Image Source: POPSUGAR Photography / Rachael Edwards
During the pandemic, I've had to make many beauty sacrifices. I have not had my eyebrows done since March. (There is no brow gel in the world that can save me now.) Then, there's the hair on my head. While I'm used to getting box braids or another protective style, like many others, I've been tasked with styling it myself. Things are getting unruly. I understand these are first-world problems, but I mourn the times I could walk into a salon, get done up, pay, and go. Much of my beauty routine has been turned on its head, and while my wallet has always been a crafty reminder that I love to invest in pampering, doing these rituals myself offered me space to confront why I choose to give so much of myself to it, especially when it comes to shaving.
I have an interesting relationship with my body hair and razors. It all started in middle school — puberty had no grace on me. I grew hair in places I didn't know you could. My hair color is also very dark against my skin color, so you would not miss it if I skipped leg day. One man (annoyingly) reminded me of this and suggested I use lemon juice to lighten my body hair. To "fix" this, I looked at all the wrong places for answers — teen magazines that swore by hair-removal creams, and all the hairless Barbie-waxed legs I saw from my favorite beauty influencers. Even my friends during that time did not have as much body hair as me.
When I had body hair, I felt I wasn't as beautiful. As a kid, you feel doomed and helpless to what is completely natural. My insecurities distorted my perception of the process of puberty because of unhealthy standards of beauty I'd picked up. I could not fully control my breakouts, fine. If my hair decided to frizz up after gym class, fine. With shaving, it was as easy as clipping my nails. I could control how long I wanted the hair to grow on my legs or armpits and when I wanted to cut it off. It became obsessively ritualistic. It wasn't until the pandemic that I reflected on my shaving habits and where they stemmed from in the first place.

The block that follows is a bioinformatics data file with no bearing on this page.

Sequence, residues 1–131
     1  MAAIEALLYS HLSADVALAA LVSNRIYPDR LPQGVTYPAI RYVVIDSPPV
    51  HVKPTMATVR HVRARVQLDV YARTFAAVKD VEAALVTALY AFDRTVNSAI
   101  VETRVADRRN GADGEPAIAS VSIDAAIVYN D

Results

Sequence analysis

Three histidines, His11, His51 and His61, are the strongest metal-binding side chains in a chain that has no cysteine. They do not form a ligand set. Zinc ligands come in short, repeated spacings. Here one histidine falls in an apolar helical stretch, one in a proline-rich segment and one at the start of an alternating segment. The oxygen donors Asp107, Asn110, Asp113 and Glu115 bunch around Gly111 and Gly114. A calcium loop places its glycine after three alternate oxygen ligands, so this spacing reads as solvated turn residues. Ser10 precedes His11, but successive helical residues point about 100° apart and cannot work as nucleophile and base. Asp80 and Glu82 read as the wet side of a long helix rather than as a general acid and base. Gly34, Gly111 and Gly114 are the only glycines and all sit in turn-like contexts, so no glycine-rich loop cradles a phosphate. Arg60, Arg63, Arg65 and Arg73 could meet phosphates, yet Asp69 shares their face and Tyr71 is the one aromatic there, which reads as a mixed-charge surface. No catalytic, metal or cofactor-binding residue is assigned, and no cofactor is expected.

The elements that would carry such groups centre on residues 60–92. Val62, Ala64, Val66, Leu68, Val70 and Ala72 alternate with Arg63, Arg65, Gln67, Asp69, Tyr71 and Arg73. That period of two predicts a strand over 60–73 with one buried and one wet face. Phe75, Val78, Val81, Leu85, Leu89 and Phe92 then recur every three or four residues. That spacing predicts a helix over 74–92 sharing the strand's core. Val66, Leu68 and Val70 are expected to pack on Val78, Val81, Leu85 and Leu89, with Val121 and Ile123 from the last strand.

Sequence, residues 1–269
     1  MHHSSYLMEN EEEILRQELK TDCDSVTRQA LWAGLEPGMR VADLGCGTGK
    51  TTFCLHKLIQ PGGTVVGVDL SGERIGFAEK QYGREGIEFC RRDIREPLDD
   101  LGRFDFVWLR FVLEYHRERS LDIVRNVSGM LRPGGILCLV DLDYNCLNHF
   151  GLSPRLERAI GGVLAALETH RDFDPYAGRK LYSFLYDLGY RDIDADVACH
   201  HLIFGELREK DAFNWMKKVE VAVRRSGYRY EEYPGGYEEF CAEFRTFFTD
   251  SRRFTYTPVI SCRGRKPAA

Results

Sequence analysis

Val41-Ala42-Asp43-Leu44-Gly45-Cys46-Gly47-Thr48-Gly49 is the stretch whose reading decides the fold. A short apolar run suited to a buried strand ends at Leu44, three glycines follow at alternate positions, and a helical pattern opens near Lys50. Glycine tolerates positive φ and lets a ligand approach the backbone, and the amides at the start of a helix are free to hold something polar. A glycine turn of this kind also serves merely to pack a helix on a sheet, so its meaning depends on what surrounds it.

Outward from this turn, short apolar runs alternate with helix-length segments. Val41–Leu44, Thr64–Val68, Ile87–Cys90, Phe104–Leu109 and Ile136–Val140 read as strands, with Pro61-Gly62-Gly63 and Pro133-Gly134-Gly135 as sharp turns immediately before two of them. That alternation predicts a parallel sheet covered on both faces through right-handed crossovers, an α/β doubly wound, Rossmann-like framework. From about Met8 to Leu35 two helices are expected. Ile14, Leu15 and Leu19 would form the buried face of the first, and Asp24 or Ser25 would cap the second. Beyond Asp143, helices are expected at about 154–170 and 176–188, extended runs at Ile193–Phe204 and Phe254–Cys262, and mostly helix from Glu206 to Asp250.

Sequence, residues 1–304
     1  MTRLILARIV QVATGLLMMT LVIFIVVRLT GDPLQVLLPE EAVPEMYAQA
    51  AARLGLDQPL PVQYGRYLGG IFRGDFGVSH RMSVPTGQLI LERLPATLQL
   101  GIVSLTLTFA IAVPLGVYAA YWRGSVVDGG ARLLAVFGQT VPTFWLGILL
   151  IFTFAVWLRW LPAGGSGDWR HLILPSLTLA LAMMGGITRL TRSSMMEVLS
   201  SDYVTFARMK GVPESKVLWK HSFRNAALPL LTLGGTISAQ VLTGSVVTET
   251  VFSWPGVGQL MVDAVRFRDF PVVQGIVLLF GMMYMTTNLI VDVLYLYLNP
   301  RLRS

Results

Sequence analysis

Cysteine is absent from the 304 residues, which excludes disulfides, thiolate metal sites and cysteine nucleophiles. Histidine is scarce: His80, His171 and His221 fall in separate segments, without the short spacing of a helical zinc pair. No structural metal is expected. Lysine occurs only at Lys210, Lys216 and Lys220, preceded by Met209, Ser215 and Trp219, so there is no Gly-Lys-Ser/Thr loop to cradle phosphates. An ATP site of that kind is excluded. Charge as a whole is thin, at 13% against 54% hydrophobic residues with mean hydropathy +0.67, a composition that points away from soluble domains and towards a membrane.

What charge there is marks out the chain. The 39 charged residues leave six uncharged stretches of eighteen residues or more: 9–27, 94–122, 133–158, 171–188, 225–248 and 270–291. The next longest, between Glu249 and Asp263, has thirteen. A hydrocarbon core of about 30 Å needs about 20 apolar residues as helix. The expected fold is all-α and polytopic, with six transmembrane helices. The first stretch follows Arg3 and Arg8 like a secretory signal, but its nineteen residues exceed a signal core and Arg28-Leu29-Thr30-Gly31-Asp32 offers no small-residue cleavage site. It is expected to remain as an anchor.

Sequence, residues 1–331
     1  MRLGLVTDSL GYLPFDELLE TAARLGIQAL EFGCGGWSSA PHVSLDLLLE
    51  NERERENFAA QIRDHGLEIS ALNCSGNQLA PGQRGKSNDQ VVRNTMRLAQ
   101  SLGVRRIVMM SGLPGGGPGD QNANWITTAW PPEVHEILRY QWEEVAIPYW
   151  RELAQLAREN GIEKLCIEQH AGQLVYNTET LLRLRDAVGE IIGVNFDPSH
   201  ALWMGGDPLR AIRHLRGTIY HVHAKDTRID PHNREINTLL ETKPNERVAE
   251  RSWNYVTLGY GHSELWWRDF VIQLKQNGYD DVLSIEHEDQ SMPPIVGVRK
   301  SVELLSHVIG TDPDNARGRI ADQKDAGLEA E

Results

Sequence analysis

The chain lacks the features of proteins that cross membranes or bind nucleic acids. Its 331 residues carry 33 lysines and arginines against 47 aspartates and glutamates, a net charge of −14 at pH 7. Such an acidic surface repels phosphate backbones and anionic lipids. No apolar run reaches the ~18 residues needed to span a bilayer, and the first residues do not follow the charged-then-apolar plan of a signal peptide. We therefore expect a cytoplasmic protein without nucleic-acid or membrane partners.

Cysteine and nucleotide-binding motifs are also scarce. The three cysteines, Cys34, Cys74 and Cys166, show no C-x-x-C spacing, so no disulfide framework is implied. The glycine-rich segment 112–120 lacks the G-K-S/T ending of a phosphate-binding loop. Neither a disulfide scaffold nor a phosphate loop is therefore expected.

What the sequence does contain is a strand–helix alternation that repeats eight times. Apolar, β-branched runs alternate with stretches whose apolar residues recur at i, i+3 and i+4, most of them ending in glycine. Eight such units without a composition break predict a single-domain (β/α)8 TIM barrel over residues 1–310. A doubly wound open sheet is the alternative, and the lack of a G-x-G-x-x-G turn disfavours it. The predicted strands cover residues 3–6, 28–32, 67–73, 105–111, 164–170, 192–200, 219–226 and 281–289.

In not going out as much as I did pre-lockdown, it was easy to forget about beauty maintenance like shaving. On a hot summer day, my partner and I decided to go to the pool for a refreshing swim. We have to walk a little ways to reach it. I had on shorts and a top, but when I noticed my legs were not shaved, I immediately grabbed longer pants to wear. My partner (who sees my hairy legs all the time) told me that I did not need to cover up. And for a moment, I considered it. Who would really notice that I haven't shaved in months? Who really cares? I have many friends that opt to not shave or do not mind visible body hair, so what is the issue with me? Ultimately I decided to cover up my legs, but the residue of that conversation stuck with me. It brought me back to that middle school girl who was incredibly self-conscious about every part of her body and anxious about how she was perceived.
I want to disassociate myself from feeling obligated to shave for the gaze of others.
Now in my 20s, I'm not waiting for some life-changing epiphany. Growing up, the reasons I chose to shave (rather obsessively) were simple and had roots in the unhealthy ways I viewed my body. Shaving is a personal choice that should not be determined by any other standards but my own. I am committed to unlearning these old standards, not by completely chucking shaving but by switching things up. I want to disassociate myself from feeling obligated to shave for the gaze of others. So, I've decided to indulge in the lax habit of not shaving as much and opt for other grooming practices like trimming, and even using armpit masks to keep funk at bay and detox. I've been maintaining this for a couple of months — feeling completely liberated — and honestly, the process, while super experimental, has been fun.
I'm learning that other people's opinions on my body hair should not skew how I view myself. Sheltering in place has pushed me to confront and challenge the insecurities that seep into my beauty routine and thoughts. What I do for maintenance should always center my wants and nobody else's. While quarantine has been tough on all of us in a multitude of ways, I really love how it's allowed me to sit and think about how I navigate my everyday life, what affects it, and how I can improve myself for the better.